His reign did not last, however, as the Armagnacs, headed by Joan of Arc, reclaimed France for the French in 1428. From that time until the end of the conflict in 1453, the tables had turned for the English, who had lost eight consecutive battles against the French and all their territorial gains.
Thus, in the overall scheme of things, the ‘great victories’ of the English in France were in fact only localised and temporary successes, and France retained its independent integrity. The strategy had failed: the land gained had all been lost and the claims to the French throne had come to nothing. England had lost the use of the port of Calais, and with it the economic advantages of trade with Europe.
Moreover, in the immediate wake of the conflict, England itself was seized with internal wars for the Crown between the Houses of York and Lancaster – the War of the Roses – resulting in the loss of both male lines to the English throne, and in the new House of Tudor claiming power for Henry VII.
The key to attaining a clear vision of the Hundred Years’ War, and the battles that it comprised, is to attempt to see things in the correct proportions, through a timeline. There are around 60 documented battles in the period, mostly small scale. About half of those can be recorded as English successes and half as French successes. The English victories occurred mainly before Agincourt and, though English territorial holdings immediately following Agincourt were substantial, they were also short-lived.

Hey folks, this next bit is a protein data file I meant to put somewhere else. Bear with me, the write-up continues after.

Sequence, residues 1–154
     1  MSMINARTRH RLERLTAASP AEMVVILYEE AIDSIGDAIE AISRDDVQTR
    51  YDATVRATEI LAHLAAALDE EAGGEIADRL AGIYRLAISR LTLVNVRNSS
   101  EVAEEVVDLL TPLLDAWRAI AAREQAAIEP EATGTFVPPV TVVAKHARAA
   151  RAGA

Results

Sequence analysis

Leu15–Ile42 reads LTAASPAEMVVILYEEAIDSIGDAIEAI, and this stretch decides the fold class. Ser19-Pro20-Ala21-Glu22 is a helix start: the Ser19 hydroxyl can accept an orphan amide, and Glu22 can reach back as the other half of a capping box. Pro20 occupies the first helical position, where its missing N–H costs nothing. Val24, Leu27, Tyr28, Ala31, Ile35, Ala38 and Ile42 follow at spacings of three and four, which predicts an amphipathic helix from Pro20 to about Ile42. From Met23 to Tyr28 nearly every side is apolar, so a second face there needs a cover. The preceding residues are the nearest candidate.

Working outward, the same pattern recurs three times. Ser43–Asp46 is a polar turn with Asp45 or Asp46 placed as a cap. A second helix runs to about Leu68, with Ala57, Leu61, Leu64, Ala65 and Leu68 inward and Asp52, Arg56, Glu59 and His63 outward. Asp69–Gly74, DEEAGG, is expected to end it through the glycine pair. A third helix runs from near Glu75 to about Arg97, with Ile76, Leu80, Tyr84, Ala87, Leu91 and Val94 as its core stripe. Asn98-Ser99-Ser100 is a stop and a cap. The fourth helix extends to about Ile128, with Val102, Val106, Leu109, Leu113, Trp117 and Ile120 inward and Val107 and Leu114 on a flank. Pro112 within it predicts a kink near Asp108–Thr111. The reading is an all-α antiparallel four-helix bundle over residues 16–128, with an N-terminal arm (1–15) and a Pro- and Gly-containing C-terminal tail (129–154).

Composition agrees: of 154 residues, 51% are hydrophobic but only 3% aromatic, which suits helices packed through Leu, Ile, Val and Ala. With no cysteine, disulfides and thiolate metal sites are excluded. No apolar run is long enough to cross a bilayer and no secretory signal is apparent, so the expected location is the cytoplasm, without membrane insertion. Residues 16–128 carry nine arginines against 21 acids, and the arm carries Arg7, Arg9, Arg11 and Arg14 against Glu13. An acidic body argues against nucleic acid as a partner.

The French wins were mostly concentrated from the Siege of Orléans in 1428. The French swiftly regained control over their lands, learned from their mistakes and launched aggressive and tactically innovative campaigns. The decline of the French feudal lords, with their outdated ideas, had a beneficial effect on the composition of their armies. Their use of progressive and new weaponry were the most decisive factors in pushing out the English.
This modernisation of warfare was perfectly exemplified by the final battle of the conflict, the Battle of Castillon (1453), the first European battle won by the use of cannon. In short, the victory of Agincourt, though decisive and impressive, was a victory only to itself, in a war that was ultimately lost.
In analysing any war or conflict, from any historical period or event, a historian needs to be constantly aware of the distorting factors. First, the paucity of facts and the unreliability of documentary evidence and hearsay. Secondly, their own prejudices.
It is always tempting to see wars as a series of battles, because battles by their very nature attract most reportage as exciting manifestations of the conflict. The mundane political and financial considerations behind their initiations and support often tend to be neglected. The abundance of evidence, often contradictory, leaves ample room for speculation. Hence the adage: “Histories tend to be written in favour of those who write them.”